I agree so much with a couple of the other reviewers who refer to the writing as flat, or lacklustre. While the prose is very well crafted in places, the book as a whole is rather unsatisfying. None of the characters really engage you. The narrative keeps jumping from one person to another, then suddenly speeds up towards the end, so characters age from one page to the next. As commented on by another reviewer, there are some incidente which are drawn out to the edges of tedium (the build-up to the love affair between Ruth and Thomas, for example) while other major events are dealt with in a single abrupt paragraph. In her author's notes at the end, Rosie Alison refers to a visit to a house in Cornwall as the starting point for this book. Why then, was it set in Yorkshire, and in a Yorkshire which we never got to see or experience in any way? I just found the book very oddly put together, and felt frustrated with the author, because some of the passages were very well done, it just didn't work as a whole. Also, I was unconvinced by the relationship between Anna and Thomas - what was that about, it seemed a tad creepy?

Not one to keep, I'm afraid, or even pass onto a friend.
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Format: Paperback
I wanted to like this book and enjoyed it enough to finish it. It's not badly written. The author tries to strike a wistful tone but her prose is a little flat and lifeless and I would have welcomed a change of tone to keep my interest. As other reviewers have commented it's a more tell than show. There wasn't a lot of plot development, some of the sub plots were dead ends and there was no point whatsoever in the inclusion of Sir Clifford Norton and his wife Peter who seem to have been thrown into the mix purely to show off the writer's illustrious relatives. They add nothing to the story and appear to belong in a different book altogether.

I do feel a bit guilty giving it three stars - the same rating I have just given to a much trashier book, but there was too much unfulfilled promise here. I wish she had sat on it for a year and then looked at it more dispassionately. It could have been a much better book than it is. I might look out for her next one but I hope it will have a little more fire.
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Format: Paperback
This is a moving book written with great clarity in a pleasantly straightforward style from the persective of a traditional omniscient narrator. The centre of the story, if not the central character, is Thomas Ashton, a wheelchair-bound former diplomat around whom spin several female characters and their lovers. All have slightly different views and experiences of love. Most of the action takes place during the Second World War, when Ashton's stately family home in Yorkshire is turned into a boarding school for London evacuees. The atmosphere of the era and the setting is evocative and believable.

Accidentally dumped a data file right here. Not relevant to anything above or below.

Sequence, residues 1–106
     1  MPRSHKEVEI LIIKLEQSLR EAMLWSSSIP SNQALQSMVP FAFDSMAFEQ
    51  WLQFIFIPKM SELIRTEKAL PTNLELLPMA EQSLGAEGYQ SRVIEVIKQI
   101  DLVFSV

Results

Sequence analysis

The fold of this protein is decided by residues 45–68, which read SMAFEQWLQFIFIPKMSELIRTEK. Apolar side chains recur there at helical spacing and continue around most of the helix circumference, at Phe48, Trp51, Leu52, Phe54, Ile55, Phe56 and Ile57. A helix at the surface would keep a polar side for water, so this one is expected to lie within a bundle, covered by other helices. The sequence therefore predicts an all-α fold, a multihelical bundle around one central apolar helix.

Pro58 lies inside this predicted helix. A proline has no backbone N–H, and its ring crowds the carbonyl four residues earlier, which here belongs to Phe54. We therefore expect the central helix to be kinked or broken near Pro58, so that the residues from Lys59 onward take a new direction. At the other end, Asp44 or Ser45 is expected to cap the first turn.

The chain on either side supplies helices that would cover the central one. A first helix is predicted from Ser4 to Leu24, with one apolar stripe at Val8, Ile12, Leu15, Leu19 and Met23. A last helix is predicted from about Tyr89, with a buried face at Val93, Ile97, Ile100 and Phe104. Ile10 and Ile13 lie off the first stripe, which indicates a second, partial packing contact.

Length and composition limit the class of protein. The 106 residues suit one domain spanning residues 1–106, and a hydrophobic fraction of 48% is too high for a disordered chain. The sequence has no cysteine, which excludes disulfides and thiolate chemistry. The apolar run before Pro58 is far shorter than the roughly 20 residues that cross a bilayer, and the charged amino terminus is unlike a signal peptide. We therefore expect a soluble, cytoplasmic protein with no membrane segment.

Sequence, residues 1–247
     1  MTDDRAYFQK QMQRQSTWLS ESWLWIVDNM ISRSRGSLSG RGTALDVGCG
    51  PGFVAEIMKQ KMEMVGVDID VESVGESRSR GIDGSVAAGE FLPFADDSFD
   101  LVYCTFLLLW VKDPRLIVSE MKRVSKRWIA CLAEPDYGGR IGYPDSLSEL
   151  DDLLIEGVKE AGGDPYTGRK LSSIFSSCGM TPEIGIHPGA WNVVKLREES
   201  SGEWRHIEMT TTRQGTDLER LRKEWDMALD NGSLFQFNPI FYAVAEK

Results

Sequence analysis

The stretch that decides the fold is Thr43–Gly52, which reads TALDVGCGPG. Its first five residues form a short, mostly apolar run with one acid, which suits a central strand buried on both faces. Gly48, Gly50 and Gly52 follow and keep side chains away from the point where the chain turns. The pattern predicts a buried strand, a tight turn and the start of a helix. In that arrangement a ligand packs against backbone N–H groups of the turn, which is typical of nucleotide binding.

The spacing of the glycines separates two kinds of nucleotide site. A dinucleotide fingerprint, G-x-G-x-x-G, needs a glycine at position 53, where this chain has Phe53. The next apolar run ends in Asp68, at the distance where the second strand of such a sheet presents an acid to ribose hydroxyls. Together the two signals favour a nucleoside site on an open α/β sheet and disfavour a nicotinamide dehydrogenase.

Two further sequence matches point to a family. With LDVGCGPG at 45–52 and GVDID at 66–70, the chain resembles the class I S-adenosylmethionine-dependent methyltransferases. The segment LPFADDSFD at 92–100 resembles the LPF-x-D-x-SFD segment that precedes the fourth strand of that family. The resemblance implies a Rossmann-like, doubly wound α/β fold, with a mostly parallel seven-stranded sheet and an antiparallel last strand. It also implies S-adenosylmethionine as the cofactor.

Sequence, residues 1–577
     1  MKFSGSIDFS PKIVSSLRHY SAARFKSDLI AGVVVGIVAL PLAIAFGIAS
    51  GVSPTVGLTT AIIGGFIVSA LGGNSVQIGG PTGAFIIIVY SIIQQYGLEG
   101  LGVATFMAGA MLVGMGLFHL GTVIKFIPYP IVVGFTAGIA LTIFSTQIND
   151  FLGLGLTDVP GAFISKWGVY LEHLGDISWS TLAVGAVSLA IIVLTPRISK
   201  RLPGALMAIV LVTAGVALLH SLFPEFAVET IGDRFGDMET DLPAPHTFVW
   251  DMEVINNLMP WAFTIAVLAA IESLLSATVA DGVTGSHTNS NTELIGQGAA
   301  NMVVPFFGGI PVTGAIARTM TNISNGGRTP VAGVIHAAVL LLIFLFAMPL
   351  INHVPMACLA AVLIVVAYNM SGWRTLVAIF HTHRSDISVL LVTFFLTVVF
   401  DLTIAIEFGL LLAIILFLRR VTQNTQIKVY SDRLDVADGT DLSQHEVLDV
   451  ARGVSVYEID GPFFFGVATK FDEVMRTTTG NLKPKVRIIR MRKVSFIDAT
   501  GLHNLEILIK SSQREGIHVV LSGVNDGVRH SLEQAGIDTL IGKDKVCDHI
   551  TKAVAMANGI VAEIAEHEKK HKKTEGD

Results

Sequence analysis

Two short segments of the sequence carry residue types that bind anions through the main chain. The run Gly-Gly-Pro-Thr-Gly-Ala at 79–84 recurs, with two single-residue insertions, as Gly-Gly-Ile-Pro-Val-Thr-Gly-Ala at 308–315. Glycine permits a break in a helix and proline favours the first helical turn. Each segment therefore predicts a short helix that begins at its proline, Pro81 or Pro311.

If I had one criticism of the book it would be that the final section compresses too tightly the long period from the wartime events to the final denouement, and I would have enjoyed hearing more about the character on whom this part of the book focusses. That comment, though, is really praise for the book's intelligence and sensitivity because it is very rare indeed that I find a modern novel too short.
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Format: Paperback
This is a delicately, passionately,honest and beautifully told story set in World War II. Anna is a young girl from London sent to the Yorkshire countryside to escape the Blitz. She resides in the huge home of Thomas Ashton and his wife who have converted their home into a school. Anna is a sweet, gentle serious girl who is drawn into the lives of the Ashtons. Elizabeth Ashton it unable to bear children and is bitter, resentful and deeply unhappy in her life and marriage (resulting in affairs and betrayal). Thomas Ashton is wheel chair bound due to Polio, a kind, gentle and studious man who falls in love with the quiet teacher, Ruth Weir.
The story is told in such a way that the reader is drawn into the characters lives and it really was a joy to read this short but sweet novel. This book is quite unlike many novels set in war time England as it doesnt focus on the physical, political aspects of the time but on the people who just happened to live during this period of history and how it subtly affects their lives and stories.
I loved this story and would highly recommend it to others who love a good read - and a good love story!